Screening and monitoring for Politically Exposed Persons (PEPs) is crucial in the fight against money laundering and terrorism financing or corruption. Although PEP status screening is a strict requirement in Anti-Money Laundering (AML) compliance, different regions may have differing rules regarding the treatment of PEP status. Some jurisdictions may consider it a perpetual requirement, while others might implement a time limit or certain conditions under which an individual ceases to be classified as a PEP. So the question is simple: Once a PEP, always a PEP?

How Long is a Person Considered a PEP for?

Currently, there isn’t a fixed timeframe universally defining the duration of PEP status. Prominent and high-risk PEPs might retain this classification indefinitely, whereas others may be declassified after a certain period. There are three main timeframes:

General consensus12 to 18 months
European parliamentMinimum of 12 months
FATFIndefinitely, case-by-case

Many countries generally concur that this period should be a minimum of 12 to 18 months following their departure from the public office.

While no singular regulation exists, some regulatory bodies do apply certain rules. For example, according to Article 22 of Directive 2015/849 from the European Parliament and the Council, entities are required to assess the persistent risk associated with a politically exposed persons for a minimum of 12 months following the termination of their entrusted role in a significant public capacity by a Member State, a third country, or an international organisation.

However, this raises the question of whether 12 months is enough time for a PEP to completely lose the influence they once had.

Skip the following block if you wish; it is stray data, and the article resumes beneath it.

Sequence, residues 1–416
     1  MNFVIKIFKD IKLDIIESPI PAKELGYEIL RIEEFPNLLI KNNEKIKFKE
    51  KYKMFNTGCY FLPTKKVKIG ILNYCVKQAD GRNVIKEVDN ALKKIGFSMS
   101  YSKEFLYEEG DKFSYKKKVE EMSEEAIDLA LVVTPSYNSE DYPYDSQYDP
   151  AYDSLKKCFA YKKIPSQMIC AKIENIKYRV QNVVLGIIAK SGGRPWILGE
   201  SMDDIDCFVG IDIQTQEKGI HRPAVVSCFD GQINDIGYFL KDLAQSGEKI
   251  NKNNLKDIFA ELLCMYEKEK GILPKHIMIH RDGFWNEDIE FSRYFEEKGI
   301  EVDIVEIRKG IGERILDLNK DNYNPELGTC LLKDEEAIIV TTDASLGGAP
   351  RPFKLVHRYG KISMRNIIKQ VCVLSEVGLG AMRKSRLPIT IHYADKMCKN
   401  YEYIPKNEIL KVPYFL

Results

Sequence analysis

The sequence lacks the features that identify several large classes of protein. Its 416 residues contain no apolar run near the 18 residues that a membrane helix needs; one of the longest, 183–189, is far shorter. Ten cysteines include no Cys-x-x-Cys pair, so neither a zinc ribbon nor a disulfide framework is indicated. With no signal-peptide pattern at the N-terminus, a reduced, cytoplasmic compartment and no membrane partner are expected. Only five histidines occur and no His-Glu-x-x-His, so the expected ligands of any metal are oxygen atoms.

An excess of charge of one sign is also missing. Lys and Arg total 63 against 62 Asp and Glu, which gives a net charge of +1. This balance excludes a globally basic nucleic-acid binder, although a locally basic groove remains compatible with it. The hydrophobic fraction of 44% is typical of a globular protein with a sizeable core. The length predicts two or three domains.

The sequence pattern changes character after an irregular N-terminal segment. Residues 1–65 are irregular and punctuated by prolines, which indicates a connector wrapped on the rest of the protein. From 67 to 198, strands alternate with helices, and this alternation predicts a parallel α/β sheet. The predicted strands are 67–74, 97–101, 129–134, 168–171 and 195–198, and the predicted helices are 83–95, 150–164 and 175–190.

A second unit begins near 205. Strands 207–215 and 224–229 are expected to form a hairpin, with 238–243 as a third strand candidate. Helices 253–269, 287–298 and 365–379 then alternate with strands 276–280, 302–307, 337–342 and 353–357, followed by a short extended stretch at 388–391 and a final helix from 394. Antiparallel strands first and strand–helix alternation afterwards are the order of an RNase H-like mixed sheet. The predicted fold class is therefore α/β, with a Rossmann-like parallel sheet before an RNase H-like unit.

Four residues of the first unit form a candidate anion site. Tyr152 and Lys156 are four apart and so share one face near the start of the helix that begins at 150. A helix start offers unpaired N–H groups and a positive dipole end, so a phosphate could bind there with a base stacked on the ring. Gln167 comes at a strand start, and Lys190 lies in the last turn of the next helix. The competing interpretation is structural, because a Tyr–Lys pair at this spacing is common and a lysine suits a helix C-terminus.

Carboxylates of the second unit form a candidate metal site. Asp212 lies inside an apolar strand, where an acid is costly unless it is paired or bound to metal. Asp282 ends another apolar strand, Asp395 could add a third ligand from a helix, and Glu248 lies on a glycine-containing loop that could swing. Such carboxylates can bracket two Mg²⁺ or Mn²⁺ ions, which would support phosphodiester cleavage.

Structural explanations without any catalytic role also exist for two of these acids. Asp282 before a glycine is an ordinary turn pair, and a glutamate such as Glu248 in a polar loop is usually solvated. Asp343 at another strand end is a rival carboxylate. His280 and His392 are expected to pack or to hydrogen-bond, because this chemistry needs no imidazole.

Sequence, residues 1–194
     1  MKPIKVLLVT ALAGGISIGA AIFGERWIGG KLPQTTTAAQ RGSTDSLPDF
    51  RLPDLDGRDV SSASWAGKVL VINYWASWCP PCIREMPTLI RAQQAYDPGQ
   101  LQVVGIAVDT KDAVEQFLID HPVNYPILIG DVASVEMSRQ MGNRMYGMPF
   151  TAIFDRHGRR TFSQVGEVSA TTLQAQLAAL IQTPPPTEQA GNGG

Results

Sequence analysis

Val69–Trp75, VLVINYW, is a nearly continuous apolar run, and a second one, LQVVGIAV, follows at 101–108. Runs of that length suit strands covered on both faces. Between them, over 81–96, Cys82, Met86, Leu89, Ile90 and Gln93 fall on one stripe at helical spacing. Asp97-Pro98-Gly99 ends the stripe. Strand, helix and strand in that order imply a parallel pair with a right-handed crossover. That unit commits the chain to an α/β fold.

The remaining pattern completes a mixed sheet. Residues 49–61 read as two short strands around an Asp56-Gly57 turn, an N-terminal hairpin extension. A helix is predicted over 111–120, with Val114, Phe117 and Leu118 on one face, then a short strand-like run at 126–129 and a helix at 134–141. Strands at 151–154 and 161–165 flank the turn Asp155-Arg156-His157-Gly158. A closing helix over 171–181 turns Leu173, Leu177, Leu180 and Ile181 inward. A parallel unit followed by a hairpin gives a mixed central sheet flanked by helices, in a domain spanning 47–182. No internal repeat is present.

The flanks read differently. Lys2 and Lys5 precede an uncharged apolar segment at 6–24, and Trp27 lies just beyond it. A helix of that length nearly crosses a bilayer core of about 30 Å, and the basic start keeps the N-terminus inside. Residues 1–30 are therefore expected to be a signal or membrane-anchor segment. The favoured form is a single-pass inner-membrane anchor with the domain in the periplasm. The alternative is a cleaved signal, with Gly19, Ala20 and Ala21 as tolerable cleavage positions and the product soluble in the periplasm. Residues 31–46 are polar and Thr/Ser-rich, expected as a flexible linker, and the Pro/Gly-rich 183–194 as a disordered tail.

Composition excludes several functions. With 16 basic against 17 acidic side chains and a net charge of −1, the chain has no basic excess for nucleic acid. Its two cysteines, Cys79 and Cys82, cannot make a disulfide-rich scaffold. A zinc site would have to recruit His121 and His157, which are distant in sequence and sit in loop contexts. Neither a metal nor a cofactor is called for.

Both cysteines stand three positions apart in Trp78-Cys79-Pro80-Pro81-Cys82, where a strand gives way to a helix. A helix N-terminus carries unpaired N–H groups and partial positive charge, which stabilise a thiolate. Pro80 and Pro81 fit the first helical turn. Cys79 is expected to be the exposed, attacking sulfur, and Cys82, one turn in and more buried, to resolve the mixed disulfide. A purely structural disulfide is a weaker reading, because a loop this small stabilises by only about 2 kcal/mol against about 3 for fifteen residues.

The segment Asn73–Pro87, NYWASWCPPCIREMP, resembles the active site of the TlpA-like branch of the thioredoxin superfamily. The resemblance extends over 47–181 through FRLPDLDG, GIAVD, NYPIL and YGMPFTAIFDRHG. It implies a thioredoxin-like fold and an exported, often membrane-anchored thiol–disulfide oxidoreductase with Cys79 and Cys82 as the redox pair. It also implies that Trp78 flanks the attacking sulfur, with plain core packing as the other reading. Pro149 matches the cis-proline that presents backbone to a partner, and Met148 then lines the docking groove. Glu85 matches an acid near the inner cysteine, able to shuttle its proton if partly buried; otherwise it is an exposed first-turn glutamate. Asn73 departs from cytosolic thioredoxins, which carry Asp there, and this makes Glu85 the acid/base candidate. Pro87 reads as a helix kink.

The philosophy encapsulated by “once a PEP, always a PEP” entails designating individuals as politically exposed persons even post their public service roles. The underlying rationale behind this perspective is rooted in the consideration that former PEPs may still wield power, retain privileges, or possess funds obtained illicitly, warranting a thorough and continuous scrutiny throughout their entire association with a business. 

According to recommendation 12 on the handling of PEPs, published by the Financial Action Task Force (FATF), no set time-limit should be applied and instead companies should handle these matters on a case by case basis. With this information, we need to discuss the risk-based approach.

A Risk-based Approach to PEP status

The best AML software implement a risk-based approach. This involves tailoring due diligence measures based on the perceived risk associated with a particular client, transaction, or business relationship. When it comes to PEPs, this approach recognises that not all politically exposed individuals pose the same level of risk. By assessing the specific circumstances surrounding each PEP, financial institutions can allocate resources more efficiently while maintaining effective compliance.